I recently received an email from a teacher asking if it is appropriate to hold Halloween celebrations in a Catholic primary school.
This question may not seem to have anything to do with liturgy, but in fact it does. The name ‘Halloween’ comes from ‘Hallowed (Holy) Evening’ meaning the evening of All Saints Day. Halloween is the vigil of the feast of All Saints on November 1.
Halloween originated with the ancient Celtic tribes who lived in Ireland, Scotland, Wales and Brittany. For the Celts, November 1 marked the beginning of a new year and the coming of winter. On the night before the new year, they celebrated the festival of Samhain, Lord of the Dead.
To commemorate the event, Druids built huge sacred bonfires where crops and animals were burnt as sacrifices to the Celtic deities. The people wore costumes, typically consisting of animal heads and skins.
By the 9th century, Christianity had spread into Celtic lands. In 835 Pope Gregory IV moved the celebration for all the martyrs (later all saints) from May 13 to November 1 to Christianise the Celtic festival for remembering the dead.
Around the year 1000, the church designated November 2 as All Souls Day, because it was an obvious companion date and extension of the feast of All Saints. It was celebrated similarly to Samhain, with big bonfires, parades and dressing up in costumes as saints, angels, and devils.
Both days are reminders that all of us, living and dead, are united in a living communion with Christ and one another. In effect, Halloween is one vigil for two feasts celebrated by the whole Church.
Celebrations of Halloween should certainly not overshadow those of All Saints and All Souls which provide the context for the former.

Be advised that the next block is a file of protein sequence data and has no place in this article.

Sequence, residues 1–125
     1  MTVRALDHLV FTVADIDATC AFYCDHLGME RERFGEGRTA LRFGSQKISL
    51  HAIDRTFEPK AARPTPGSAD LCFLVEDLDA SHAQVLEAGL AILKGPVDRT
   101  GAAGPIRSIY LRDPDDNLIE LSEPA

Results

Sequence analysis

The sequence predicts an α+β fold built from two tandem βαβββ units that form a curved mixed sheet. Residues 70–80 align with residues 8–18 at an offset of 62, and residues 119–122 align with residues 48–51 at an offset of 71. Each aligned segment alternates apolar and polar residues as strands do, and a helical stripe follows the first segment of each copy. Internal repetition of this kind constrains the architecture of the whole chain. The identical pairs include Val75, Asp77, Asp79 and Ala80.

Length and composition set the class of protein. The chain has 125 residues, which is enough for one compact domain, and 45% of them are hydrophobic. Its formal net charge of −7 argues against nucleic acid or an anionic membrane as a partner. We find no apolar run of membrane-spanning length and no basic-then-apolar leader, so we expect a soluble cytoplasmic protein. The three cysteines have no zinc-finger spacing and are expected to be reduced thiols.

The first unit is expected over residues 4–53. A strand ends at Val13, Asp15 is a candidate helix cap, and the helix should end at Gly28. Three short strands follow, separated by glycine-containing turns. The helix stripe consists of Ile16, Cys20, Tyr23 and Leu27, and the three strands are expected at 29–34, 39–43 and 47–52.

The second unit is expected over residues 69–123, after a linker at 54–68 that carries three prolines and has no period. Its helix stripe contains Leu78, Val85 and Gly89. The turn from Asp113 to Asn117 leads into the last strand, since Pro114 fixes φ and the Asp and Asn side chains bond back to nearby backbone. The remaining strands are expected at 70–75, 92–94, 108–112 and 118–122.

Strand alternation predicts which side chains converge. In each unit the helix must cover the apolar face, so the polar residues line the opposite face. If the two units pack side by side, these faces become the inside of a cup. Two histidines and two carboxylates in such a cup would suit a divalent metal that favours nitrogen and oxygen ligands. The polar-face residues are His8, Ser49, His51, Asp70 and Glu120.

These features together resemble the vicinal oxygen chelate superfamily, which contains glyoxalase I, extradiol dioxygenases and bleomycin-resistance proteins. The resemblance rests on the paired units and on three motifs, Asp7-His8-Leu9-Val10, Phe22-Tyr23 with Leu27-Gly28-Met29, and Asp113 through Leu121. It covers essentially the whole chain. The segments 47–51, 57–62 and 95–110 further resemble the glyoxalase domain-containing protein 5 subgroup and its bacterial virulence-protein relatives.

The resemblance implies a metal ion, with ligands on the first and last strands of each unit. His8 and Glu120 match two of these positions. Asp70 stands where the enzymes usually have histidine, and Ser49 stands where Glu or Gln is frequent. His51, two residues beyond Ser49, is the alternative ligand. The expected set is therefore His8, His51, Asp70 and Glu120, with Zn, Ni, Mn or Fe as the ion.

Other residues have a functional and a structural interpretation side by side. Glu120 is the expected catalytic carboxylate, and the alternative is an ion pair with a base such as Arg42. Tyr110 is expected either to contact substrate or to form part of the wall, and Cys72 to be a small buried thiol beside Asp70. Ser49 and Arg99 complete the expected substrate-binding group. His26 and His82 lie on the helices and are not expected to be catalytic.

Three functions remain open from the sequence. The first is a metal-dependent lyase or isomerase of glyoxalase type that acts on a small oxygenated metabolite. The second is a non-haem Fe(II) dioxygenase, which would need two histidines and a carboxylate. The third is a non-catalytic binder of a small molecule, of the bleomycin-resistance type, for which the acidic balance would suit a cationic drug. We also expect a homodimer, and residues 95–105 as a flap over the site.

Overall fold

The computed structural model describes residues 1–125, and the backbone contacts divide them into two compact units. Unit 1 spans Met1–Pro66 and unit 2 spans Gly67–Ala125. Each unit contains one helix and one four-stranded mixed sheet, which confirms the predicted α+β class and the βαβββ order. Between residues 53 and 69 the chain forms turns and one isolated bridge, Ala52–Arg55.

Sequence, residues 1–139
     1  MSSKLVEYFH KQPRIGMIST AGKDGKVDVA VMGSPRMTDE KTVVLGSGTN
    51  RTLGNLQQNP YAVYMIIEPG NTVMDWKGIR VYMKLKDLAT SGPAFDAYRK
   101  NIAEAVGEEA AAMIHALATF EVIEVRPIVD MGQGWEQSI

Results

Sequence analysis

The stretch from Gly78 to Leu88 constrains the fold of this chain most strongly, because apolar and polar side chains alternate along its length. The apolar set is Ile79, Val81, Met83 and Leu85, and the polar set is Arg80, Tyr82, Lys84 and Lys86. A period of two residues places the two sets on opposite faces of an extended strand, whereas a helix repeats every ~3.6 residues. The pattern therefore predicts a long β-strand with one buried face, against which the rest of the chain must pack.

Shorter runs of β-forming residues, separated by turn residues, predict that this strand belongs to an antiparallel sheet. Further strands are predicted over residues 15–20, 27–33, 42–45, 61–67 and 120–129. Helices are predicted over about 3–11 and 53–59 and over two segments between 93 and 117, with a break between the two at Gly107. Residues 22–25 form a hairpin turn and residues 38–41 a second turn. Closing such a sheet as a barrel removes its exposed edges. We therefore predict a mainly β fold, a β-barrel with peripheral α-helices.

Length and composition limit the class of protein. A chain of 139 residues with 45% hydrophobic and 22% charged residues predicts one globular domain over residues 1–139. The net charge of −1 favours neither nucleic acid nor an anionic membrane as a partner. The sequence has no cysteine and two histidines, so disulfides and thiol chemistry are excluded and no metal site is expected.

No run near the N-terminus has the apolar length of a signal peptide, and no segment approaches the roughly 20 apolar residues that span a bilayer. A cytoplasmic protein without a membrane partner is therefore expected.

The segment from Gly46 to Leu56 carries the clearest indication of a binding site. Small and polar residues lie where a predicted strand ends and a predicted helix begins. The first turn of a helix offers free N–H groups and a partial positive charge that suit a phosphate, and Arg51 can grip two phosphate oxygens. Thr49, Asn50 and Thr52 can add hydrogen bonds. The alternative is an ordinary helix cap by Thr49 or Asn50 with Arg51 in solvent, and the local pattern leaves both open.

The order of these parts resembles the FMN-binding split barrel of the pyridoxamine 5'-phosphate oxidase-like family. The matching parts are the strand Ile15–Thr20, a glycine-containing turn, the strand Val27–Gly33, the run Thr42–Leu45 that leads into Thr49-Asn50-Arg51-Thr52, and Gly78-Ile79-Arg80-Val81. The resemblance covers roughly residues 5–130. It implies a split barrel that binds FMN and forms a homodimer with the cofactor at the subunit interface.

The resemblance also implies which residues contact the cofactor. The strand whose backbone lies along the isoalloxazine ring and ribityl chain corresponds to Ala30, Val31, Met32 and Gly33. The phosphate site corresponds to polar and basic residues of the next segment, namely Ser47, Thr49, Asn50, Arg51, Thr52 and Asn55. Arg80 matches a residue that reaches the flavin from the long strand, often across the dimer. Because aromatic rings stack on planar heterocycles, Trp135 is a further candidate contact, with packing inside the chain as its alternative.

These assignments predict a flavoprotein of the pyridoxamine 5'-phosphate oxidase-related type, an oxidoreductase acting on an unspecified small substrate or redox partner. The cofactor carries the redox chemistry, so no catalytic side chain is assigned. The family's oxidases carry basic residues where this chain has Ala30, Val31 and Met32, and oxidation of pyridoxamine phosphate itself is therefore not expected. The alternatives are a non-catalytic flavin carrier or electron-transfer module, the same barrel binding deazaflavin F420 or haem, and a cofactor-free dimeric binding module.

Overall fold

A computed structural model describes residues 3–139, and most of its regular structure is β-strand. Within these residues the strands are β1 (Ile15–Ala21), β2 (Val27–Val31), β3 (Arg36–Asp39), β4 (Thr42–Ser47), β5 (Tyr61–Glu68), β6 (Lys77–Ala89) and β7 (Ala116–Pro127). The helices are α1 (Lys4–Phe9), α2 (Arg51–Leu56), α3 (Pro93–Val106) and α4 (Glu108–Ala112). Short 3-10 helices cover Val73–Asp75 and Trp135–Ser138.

Understanding the historical background of Halloween customs shows that most are not antithetical to Christian faith. Used appropriately, they can provide opportunities for catechesis in a school context.
‘Trick or treat’, for example, comes from a Middle Ages superstition that those who had died the previous year without being reconciled to someone might rise at Halloween to haunt that person, appearing as will-o’-the-wisps or ghosts. These apparitions could be released by prayer and forgiveness, and giving them ‘soul cakes’ or ‘treats’ ensured protection from their ‘tricks’.
Halloween symbols of skeletons and skulls remind us of our own mortality and the need to pray for the dead. Halloween also invites us to talk openly about death in a culture that largely avoids the subject.
Perhaps it is not such a bad thing to have children dress up as witches and devils at Halloween if it suggests that these are objects of fun rather than something to be feared. Witches and devils symbolise the evil Christ has overcome. Christ has conquered sin and Satan once and for all. All of us share in that victory.
The Halloween tradition of carving pumpkins into Jack-o’-lanterns has more meaning when linked with the story behind the custom. Jack was a gifted fellow who was completely self-centred and never in his life used his talents to help another human being. Jack had the cleverness to outwit the devil, but it wasn’t enough to get him into heaven. Hence he is condemned to roam forever between heaven and earth, holding his pumpkin lantern high.
Rather than trying to ignore or resist the growing popularity of Halloween in this country, perhaps we can take advantage of the opportunities it offers to talk about a Christian understanding of the big issues of life and death, good and evil.

Elizabeth Harrington